Sign In | Create an Account | Welcome, . My Account | Logout | Subscribe | Submit News | School Notes | Contact Us | All Access E-Edition | Home RSS

Pirates president Coonelly: Criticism of fundamentals, development personnel "overblown," gives Stark vote of confidence

October 30, 2012 - Cory Giger
(NOTE: Frank Coonelly appeared on my radio show Tuesday afternoon, and most of the comments in the story below are from that interview, with a couple coming from Coonelly during his speech at the event.)

The Pirates were heavily criticized for many things at the end of the season, including the fundamental struggles of young players during their collapse and for the unorthodox tactic of sending minor leaguers through Navy SEAL-type training.

Team president Frank Coonelly believes much of the criticism was "overblown" and also gave a vote of confidence to assistant general manager Kyle Stark, who has come under heavy scrutiny for his handling of the minor league system.

"When we struggled at the end of last year, there were a lot of things that were overblown, in my opinion, because people were rightly frustrated and disappointed in the major league team's play over the last two months," Coonelly said on my radio show Tuesday while attending the Curve Booster Club's annual members-only dinner at the UVA Club.

Pirates broadcaster and former pitcher Steve Blass was the featured speaker at the event, which drew about 150 fans, and broadcaster Greg Brown also attended.

Coonelly made one declaration during the banquet that pleased the crowd.

"[In] 2013 we are going to play meaningful baseball, not only in September, but next year we plan to do it in October," he said.

The Bucs finished 79-83 to endure their 20th consecutive losing season, and Coonelly said that even if the club had won 84 or 82 games, "The season would have been a disappointment" because it wouldn't have been enough to reach the goal of winning the NL Central.

One of the Pirates' biggest problems was poor fundamental play down the stretch, especially in key situations. In numerous instances, the culprit who failed fundamentally was a young player who had come through the minor league system.

"Every time a player didn't get a bunt down in a situation or didn't get from first to third, there were claims that players didn't understand the fundamentals of the game," said Coonelly, who added that all teams deal with players who make those type of mistakes.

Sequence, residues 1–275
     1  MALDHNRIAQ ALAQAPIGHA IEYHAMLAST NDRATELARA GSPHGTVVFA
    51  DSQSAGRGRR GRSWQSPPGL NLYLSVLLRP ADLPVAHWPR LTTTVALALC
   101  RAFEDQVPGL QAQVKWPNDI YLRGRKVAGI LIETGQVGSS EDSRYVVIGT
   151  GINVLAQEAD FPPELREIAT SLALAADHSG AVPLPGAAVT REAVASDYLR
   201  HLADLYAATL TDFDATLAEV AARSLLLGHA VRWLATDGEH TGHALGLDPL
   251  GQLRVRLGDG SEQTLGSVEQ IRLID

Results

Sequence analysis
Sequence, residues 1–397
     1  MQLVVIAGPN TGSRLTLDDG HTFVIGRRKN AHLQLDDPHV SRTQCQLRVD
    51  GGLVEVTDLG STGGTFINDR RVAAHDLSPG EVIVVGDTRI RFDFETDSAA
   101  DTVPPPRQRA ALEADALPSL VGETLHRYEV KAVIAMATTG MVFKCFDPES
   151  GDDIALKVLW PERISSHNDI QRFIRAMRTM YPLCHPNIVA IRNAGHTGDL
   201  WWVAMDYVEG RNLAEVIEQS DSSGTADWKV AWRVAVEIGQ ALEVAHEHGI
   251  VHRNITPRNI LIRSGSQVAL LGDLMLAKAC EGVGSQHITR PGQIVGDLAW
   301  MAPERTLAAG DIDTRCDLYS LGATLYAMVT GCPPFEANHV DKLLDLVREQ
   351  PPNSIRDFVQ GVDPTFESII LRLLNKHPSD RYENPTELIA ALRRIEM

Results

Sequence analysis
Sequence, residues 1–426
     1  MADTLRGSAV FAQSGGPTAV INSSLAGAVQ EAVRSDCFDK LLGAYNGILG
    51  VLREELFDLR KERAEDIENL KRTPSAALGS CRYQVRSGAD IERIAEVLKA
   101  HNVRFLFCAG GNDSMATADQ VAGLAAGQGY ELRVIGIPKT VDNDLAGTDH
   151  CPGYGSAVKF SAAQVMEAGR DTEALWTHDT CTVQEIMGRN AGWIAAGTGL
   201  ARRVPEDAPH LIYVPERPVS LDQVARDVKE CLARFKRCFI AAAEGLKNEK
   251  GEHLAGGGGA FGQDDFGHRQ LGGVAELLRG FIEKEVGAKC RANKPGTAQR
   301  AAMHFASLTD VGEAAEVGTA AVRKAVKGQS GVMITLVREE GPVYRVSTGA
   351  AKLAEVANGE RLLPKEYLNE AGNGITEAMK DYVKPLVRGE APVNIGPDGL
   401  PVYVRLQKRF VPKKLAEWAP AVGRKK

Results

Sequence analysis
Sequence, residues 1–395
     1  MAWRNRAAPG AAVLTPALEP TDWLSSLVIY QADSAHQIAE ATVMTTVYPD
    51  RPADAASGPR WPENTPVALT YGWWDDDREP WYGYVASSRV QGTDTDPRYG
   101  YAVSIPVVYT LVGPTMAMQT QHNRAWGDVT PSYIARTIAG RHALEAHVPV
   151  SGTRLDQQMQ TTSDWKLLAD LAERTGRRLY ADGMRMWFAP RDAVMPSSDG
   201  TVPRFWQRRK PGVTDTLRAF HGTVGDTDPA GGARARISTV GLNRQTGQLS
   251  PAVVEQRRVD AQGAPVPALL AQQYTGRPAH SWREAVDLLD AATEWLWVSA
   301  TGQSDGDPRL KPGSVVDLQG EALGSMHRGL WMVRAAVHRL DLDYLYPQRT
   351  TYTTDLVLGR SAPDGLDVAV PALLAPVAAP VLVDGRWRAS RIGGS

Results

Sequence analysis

He went on to proclaim, "I don't think that there's a team in Major League Baseball that has its minor league players working more hours on the field on very specific baseball drills, getting runners from first to third, moving runners over, getting sacrifice bunts down, hit-and-run situations. ... So it's not a lack of effort, it's not a lack of focus on those skills."

So what's the real problem?

Coonelly suggested it's more mental than anything else.

"We're getting the job done in the minor leagues," he said. "So now, why doesn't it translate in the majors?

"The fact of the matter is, young players, when they get to the major leagues, it's a different atmosphere, it's a different environment. There's adversity that they're not used to facing that they're now facing for the first time, and this year any young player in our system who came up to the major leagues came up in the middle of a pennant race."

Then Coonelly addressed what he thinks is the issue, and his words sounded at least in part like an explanation for Stark's highly unusual implementation of a military-type training regimen for minor leaguers after the season.

"It's mental conditioning," Coonelly said, "the mental toughness that is more of an issue than the player hasn't been drilled, hasn't been trained on these things, doesn't know how to do them.

"It's performing the fundamentals of the game in the highest pressure situation, and so we continue to work with our players throughout our system ... teaching them how to perform well under pressure situations, how to control their emotions, how to be mentally and physically tough so that when they face the adversity, whether it be in the minor leagues or when they come up to Pittsburgh, they're prepared."

The Pirates' late-season collapses the past two years, however, indicate that many of their young players aren't prepared to meet the challenges for the full 162-game season.

When the organization's top young players get to the major leagues and struggle in fundamental areas, it leads to losing. Coonelly, though, said that's one area that has been overblown.

"I know that there was one occasion when Brock Holt didn't get a bunt down, and all of the sudden there was a claim that the Pirates don't teach their minor league players the fundamentals of the game," he said. "Well, nothing could be further from the truth."

Coonelly said every aspect of the organization -- including execution at the major league level, player development, scouting, free agency and everything in between -- will be evaluated this offseason and appropriate changes will be made in certain areas. There don't appear to be any changes coming, however, with the top two developmental people in the system, Stark and player development director Larry Broadway.

"I will tell you," Coonelly said, "that Kyle Stark and Larry Broadway, in my opinion, do a terrific job of developing our young players and work extraordinarily hard on developing first their baseball skills and then also developing them so that they can be good teammates and teammates that have each other's backs so that they develop a winning mentality as a team as opposed to just individually."

I am looking for:

Blog Links